b. Content of property declarations

Article 3 of Circular No. 08/2013/TT-TTCP dated October 31st 2013 of the Government’s Inspectorate guiding the implementation of provisions on transparency of properties and incomes that are obliged to be declared as follows:

1) Houses and construction works:

a) Houses and other construction works that are issued with Certificates of ownership;

b) Houses and other construction works that have not been issued with Certificates of ownership, or of which the Certificates of ownership are undersigned by other people;

c) Leased houses and other construction works that are under the ownership of the State.

2) Land use rights:

a) Land use rights issued with Certificates of use right;

b) Land use rights that were not issued with Certificate of use right, or of which the Certificates of use right are undersigned by other people;

3) Cash, loans, bank deposits of Vietnamese and foreign organizations and individuals that are worth 50 million VND or more.

4) Overseas properties.

5) Cars, motorcycles, boats, ships and other real estate under the management of the State (which are obliged to be registered and issued certificates of registration) that are worth 50 million VND or more.

6) Precious metals, gems, shares and other valuable papers that are worth 50 million VND or more.

7) The debts payable that are worth 50 million VND or more.

8) Total income in the year.

We believe that properties and incomes that are obliged to be declared are quite adequate and detailed to serve corruption prevention and combat in the past, and certain outcomes have indeed been gained. However, declaration remains formal and some content can still kept vacant, such as business investments, stocks, and shares, which are not being separately declared but are included in the declaration content of precious gems, etc (content No. 6). As for income, probably not all persons obliged to make a declaration are fully aware of the meaning of this term, or they don’t know whether overseas income should be included or not. Thus some incomes end up not being declared, such as gifts, bonuses, money from leased houses, revenues, inheritance, contribution money received, etc. All income should be declared, because if not, declarers could justify their properties by making untruthful declarations of income from the past.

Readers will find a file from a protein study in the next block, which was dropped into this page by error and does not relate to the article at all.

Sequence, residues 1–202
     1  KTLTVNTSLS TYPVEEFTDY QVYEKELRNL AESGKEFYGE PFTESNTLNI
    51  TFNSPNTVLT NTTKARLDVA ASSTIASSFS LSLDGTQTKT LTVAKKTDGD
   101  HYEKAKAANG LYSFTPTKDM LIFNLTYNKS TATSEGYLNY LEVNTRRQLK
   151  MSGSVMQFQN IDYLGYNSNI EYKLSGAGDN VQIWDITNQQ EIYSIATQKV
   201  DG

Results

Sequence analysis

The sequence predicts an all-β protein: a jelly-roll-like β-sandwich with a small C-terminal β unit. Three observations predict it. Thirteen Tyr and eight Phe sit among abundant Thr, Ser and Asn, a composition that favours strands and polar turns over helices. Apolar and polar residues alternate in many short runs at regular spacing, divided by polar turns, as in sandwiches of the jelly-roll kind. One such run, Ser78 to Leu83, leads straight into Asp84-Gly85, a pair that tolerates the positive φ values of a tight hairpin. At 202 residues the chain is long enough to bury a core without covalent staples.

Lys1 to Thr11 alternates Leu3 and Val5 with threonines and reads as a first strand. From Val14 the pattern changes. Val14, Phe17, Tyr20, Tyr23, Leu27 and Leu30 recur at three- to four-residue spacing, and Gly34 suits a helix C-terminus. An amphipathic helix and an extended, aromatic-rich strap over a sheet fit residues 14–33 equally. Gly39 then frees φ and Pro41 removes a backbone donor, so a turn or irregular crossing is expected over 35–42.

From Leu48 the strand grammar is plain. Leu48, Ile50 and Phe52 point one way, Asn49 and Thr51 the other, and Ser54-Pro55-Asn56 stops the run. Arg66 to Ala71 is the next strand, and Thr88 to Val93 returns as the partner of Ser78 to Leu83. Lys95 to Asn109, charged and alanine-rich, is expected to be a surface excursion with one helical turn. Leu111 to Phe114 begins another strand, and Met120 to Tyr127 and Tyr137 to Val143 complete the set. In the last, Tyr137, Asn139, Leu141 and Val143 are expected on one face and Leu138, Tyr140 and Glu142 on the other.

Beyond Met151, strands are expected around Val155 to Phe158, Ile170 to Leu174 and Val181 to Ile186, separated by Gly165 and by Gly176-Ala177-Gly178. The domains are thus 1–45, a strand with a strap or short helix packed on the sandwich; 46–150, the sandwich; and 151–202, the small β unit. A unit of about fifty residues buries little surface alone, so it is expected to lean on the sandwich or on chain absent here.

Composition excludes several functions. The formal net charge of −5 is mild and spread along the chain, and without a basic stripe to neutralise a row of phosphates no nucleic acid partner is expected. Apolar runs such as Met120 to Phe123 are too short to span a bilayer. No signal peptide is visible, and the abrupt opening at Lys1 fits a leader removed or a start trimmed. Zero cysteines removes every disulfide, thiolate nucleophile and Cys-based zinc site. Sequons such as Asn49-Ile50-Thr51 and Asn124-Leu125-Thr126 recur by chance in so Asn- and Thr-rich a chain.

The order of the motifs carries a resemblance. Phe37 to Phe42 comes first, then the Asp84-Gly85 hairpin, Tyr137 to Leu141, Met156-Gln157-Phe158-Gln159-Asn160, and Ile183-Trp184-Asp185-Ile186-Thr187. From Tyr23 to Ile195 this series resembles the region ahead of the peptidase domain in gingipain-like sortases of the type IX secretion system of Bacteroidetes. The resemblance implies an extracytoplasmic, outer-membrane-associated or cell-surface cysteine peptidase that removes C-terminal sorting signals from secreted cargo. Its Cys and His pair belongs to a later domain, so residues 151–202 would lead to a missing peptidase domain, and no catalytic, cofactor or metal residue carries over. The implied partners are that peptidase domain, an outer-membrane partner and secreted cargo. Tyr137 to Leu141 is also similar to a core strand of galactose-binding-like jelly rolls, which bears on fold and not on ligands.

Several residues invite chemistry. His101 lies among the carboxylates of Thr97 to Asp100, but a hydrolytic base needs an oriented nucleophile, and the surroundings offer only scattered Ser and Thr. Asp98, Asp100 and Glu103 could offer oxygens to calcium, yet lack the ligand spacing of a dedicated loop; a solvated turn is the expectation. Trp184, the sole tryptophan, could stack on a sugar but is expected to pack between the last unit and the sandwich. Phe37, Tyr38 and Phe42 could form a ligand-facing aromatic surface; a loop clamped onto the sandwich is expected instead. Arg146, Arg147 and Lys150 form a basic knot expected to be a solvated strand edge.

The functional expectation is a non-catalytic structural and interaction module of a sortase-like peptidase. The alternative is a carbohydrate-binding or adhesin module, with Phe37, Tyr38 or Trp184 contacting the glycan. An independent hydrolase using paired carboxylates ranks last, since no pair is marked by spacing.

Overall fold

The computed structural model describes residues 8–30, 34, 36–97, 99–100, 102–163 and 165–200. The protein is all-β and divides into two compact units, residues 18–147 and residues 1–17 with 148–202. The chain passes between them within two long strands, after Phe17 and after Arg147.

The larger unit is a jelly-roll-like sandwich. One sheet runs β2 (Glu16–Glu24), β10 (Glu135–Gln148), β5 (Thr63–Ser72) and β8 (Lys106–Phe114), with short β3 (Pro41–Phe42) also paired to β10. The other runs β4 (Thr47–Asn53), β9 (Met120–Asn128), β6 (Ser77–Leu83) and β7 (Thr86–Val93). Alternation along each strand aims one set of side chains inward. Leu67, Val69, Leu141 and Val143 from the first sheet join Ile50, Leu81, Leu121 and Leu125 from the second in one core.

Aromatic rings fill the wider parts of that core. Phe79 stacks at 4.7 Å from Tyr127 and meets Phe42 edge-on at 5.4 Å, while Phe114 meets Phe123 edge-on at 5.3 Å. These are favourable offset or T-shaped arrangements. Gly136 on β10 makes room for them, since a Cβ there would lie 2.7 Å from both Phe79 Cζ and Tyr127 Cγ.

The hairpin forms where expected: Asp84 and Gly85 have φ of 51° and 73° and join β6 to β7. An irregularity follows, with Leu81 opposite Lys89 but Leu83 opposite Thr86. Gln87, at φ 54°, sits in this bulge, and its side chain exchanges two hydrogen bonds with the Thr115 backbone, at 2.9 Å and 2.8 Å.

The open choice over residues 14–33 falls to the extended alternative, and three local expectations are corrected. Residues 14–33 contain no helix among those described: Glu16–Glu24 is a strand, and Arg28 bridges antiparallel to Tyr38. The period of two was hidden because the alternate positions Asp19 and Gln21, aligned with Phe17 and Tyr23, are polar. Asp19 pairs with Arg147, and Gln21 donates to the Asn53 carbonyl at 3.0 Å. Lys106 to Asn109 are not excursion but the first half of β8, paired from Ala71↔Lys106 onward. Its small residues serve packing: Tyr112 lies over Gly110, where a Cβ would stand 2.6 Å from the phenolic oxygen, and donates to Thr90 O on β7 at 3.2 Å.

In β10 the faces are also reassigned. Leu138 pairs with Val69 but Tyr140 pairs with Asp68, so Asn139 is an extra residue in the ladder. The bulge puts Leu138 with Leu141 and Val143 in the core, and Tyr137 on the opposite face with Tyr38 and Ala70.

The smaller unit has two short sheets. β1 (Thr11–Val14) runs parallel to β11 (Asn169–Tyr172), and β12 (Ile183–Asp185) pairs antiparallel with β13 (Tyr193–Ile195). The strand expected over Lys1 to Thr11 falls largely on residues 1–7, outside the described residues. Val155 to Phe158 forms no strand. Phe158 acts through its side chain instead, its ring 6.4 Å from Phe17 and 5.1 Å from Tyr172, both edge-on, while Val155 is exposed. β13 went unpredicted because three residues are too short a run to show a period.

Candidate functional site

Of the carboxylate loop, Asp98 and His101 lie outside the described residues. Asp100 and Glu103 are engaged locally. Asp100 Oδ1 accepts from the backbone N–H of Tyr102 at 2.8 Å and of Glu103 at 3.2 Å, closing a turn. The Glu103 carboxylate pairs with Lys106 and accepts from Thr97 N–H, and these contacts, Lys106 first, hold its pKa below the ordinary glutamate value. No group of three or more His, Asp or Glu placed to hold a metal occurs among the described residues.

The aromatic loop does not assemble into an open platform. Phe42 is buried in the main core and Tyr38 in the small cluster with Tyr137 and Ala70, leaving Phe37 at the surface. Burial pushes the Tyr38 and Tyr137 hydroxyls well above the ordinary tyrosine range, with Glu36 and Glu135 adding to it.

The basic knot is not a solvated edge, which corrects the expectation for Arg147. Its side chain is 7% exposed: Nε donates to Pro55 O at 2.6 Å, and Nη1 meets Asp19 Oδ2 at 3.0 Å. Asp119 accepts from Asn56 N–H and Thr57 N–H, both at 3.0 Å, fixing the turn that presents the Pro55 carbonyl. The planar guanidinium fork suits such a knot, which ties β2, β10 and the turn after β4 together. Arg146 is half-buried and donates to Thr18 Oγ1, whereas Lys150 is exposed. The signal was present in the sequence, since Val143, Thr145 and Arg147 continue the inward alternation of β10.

If business investments, stocks, and shares are classified to be declared in a separate line in the declaration form, declarers could see them more easily to make declarations and declaration data could be standardized. Content No. 6 on “precious estates” could be expanded to include any estate, even antiques or oil paintings. Besides, there should be an additional line on expenditures that are not assets but that are till worth more than 50 million VND, such as school fees, expenses for weddings or tourist trips.

In reality, many income transactions are conducted in cash with few records or with inaccessible records. For example, bonuses, mission allowances, and expenses for research projects are paid in cash to employees of the public sector without recorded specific receipts. The elimination of unofficial incomes (such as mandatory bank transactions or recorded payments in cadres and public servants’ profiles in case of inadequate technical conditions for bank transactions) to make archives and increase the effectiveness of controlling property and income declaration.

In addition, declarers should be required to declare properties that they own at least 50% of or at least 25% in legal entities or enterprises, and properties that declarers don’t officially own but can get benefits from; this will prevent additional cheating during declaration. The inclusion of provisions on beneficial owners is in accordance with international standards (Article 46 of Part 1, Section 5-1 of Clause 3 in the 2014 Anti-Corruption Act of Ukraine.

In order to define unexplainable properties during property and income control, there should be information on appropriate money flows (transaction values) for all items. In order to link money flows with each clearly-defined period (according to the fiscal year), there should be declarations of specific dates for each decisive transaction, such as when the loans are paid, how much money is paid, when the property is bought, and how much it is worth, what income from it is, acquired gifts/bonuses/rent money or properties for subjects of intellectual property rights, preferential allowances received as defined by the law towards those having revolutionary merits, inherited properties, contribution payments received, and how long it takes place them.

c. The timing of property and income declaration